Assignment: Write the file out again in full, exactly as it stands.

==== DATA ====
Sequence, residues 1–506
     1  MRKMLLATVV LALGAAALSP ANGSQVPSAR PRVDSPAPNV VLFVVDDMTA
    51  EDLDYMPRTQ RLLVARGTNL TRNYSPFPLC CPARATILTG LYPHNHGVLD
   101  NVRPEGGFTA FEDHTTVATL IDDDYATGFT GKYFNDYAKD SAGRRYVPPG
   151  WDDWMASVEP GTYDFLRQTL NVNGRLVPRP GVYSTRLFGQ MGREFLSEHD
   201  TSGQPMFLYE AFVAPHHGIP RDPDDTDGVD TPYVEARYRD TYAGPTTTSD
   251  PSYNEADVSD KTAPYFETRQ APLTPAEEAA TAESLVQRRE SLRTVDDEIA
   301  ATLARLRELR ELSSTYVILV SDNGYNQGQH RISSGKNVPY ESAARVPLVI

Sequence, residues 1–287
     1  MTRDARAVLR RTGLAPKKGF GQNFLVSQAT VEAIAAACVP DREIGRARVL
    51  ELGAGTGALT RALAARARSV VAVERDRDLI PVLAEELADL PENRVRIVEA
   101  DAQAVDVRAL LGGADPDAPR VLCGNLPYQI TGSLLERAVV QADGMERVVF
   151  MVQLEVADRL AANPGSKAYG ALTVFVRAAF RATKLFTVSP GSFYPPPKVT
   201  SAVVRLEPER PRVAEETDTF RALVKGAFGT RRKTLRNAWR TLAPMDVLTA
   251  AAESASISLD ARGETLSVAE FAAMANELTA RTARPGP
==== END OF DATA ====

Sequence, residues 1–506
     1  MRKMLLATVV LALGAAALSP ANGSQVPSAR PRVDSPAPNV VLFVVDDMTA
    51  EDLDYMPRTQ RLLVARGTNL TRNYSPFPLC CPARATILTG LYPHNHGVLD
   101  NVRPEGGFTA FEDHTTVATL IDDDYATGFT GKYFNDYAKD SAGRRYVPPG
   151  WDDWMASVEP GTYDFLRQTL NVNGRLVPRP GVYSTRLFGQ MGREFLSEHD
   201  TSGQPMFLYE AFVAPHHGIP RDPDDTDGVD TPYVEARYRD TYAGPTTTSD
   251  PSYNEADVSD KTAPYFETRQ APLTPAEEAA TAESLVQRRE SLRTVDDEIA
   301  ATLARLRELR ELSSTYVILV SDNGYNQGQH RISSGKNVPY ESAARVPLVI

Sequence, residues 1–287
     1  MTRDARAVLR RTGLAPKKGF GQNFLVSQAT VEAIAAACVP DREIGRARVL
    51  ELGAGTGALT RALAARARSV VAVERDRDLI PVLAEELADL PENRVRIVEA
   101  DAQAVDVRAL LGGADPDAPR VLCGNLPYQI TGSLLERAVV QADGMERVVF
   151  MVQLEVADRL AANPGSKAYG ALTVFVRAAF RATKLFTVSP GSFYPPPKVT
   201  SAVVRLEPER PRVAEETDTF RALVKGAFGT RRKTLRNAWR TLAPMDVLTA
   251  AAESASISLD ARGETLSVAE FAAMANELTA RTARPGP